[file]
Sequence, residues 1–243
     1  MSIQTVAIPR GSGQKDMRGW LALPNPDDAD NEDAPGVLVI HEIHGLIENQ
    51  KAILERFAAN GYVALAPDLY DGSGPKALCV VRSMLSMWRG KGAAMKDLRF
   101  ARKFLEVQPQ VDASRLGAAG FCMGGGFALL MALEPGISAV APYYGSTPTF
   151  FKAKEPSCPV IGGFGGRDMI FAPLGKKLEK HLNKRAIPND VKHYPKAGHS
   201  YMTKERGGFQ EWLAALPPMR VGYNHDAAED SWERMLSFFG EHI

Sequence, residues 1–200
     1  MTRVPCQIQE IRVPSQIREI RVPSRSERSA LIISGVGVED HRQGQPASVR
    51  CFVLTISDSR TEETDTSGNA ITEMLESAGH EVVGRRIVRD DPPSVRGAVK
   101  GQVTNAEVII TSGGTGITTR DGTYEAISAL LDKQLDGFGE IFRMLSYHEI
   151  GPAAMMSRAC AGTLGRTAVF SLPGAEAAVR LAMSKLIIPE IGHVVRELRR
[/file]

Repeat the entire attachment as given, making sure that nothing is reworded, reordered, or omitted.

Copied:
Sequence, residues 1–243
     1  MSIQTVAIPR GSGQKDMRGW LALPNPDDAD NEDAPGVLVI HEIHGLIENQ
    51  KAILERFAAN GYVALAPDLY DGSGPKALCV VRSMLSMWRG KGAAMKDLRF
   101  ARKFLEVQPQ VDASRLGAAG FCMGGGFALL MALEPGISAV APYYGSTPTF
   151  FKAKEPSCPV IGGFGGRDMI FAPLGKKLEK HLNKRAIPND VKHYPKAGHS
   201  YMTKERGGFQ EWLAALPPMR VGYNHDAAED SWERMLSFFG EHI

Sequence, residues 1–200
     1  MTRVPCQIQE IRVPSQIREI RVPSRSERSA LIISGVGVED HRQGQPASVR
    51  CFVLTISDSR TEETDTSGNA ITEMLESAGH EVVGRRIVRD DPPSVRGAVK
   101  GQVTNAEVII TSGGTGITTR DGTYEAISAL LDKQLDGFGE IFRMLSYHEI
   151  GPAAMMSRAC AGTLGRTAVF SLPGAEAAVR LAMSKLIIPE IGHVVRELRR